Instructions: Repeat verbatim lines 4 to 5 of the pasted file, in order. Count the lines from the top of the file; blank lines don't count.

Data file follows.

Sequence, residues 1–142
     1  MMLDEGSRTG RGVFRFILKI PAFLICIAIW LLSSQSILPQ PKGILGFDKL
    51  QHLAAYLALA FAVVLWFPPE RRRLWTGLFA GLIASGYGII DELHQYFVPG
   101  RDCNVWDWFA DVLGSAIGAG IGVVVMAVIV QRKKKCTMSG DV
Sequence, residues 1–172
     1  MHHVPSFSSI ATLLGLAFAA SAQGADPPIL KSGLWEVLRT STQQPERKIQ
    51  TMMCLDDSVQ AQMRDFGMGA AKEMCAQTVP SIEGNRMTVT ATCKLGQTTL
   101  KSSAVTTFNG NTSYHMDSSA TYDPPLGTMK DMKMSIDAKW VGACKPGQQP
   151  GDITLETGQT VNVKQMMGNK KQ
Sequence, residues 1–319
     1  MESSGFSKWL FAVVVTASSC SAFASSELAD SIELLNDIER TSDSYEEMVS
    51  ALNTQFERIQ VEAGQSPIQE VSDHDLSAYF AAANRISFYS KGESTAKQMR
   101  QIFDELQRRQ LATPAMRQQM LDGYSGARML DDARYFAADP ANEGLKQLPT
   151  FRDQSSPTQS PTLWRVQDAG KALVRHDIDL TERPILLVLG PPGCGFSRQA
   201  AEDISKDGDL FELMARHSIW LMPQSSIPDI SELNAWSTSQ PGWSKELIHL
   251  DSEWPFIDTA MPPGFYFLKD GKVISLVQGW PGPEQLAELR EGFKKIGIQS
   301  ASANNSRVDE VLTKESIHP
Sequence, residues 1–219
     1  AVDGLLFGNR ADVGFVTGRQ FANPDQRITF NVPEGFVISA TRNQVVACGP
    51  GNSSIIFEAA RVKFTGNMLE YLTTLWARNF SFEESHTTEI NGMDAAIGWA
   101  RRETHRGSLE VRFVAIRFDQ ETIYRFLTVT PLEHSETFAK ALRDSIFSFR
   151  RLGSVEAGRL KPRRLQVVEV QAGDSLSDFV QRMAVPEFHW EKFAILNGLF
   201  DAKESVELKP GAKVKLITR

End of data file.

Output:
   101  RDCNVWDWFA DVLGSAIGAG IGVVVMAVIV QRKKKCTMSG DV
Sequence, residues 1–172